• The Australian Health Technology Assessment Review has the potential to have a major effect on the availability of new medical technology and the listing of associated medical procedures on the Medicare Benefits Schedule. Despite this, only about 15% of submissions to the Review came from "medical associations". • Pharmaceutical and medical technologies are inherently different, and there are a number of difficulties associated with evaluating medical technology using the same process and evidence levels as those used for pharmaceuticals. • The current sequential and lengthy processing of new medical technology and procedures is delaying access to beneficial medical technology and could be substantially reduced. • There is currently no effective funding process for medical technology classified as capital equipment or consumables and disposables. This has created a perverse incentive in favour of using funded implantable prostheses based on access to funding rather than superior clinical effectiveness. • The existing horizon scanning process could be better used to not only identify all potentially cost-effective new and emerging medical technology and procedures as early as possible, but also to identify gaps in the evidence.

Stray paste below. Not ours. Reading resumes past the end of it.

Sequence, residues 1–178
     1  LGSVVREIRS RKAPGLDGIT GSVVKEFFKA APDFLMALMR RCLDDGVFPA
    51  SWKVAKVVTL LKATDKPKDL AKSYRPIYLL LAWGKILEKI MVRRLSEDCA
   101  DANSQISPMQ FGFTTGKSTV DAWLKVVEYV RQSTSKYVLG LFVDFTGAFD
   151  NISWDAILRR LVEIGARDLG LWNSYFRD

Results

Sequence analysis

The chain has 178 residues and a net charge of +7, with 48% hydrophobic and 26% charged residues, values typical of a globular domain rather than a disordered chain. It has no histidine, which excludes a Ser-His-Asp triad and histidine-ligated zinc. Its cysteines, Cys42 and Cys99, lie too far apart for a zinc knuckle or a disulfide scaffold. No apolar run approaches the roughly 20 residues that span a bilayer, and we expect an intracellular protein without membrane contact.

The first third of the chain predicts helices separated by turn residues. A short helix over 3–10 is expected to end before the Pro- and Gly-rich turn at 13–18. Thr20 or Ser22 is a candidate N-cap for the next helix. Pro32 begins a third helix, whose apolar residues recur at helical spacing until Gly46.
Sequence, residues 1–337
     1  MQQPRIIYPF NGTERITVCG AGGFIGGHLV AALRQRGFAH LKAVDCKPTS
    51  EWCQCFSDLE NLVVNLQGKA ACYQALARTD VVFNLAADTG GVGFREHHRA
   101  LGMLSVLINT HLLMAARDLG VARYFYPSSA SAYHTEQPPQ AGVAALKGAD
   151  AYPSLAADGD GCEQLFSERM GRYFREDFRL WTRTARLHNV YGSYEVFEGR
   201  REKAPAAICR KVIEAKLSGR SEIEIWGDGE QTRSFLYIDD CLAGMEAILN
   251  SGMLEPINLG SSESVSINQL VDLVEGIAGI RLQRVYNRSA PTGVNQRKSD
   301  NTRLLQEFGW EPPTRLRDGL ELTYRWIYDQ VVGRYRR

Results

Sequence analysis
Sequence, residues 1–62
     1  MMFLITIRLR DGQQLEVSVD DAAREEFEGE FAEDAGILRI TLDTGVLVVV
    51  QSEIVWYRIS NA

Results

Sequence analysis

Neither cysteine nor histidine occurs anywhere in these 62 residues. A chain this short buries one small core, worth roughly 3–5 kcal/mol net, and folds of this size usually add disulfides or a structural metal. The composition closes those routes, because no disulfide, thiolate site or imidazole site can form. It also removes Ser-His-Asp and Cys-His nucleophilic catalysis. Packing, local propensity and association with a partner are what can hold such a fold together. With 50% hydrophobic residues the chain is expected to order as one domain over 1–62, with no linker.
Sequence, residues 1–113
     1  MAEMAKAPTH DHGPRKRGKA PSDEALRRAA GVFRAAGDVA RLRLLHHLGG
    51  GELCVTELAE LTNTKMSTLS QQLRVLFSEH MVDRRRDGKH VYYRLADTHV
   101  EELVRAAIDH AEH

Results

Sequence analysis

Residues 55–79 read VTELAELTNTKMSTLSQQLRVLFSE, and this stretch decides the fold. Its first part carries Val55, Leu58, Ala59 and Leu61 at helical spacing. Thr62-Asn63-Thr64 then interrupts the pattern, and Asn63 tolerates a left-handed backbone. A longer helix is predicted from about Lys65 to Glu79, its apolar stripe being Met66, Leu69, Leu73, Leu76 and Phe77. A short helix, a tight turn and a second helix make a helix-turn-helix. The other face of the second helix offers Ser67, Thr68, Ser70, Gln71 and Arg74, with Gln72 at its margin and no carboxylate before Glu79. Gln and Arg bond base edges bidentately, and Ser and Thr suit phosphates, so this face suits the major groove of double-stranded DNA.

|Number of pages||4|
|Journal||Medical Journal of Australia|
|Publication status||Published - 5 Jul 2010|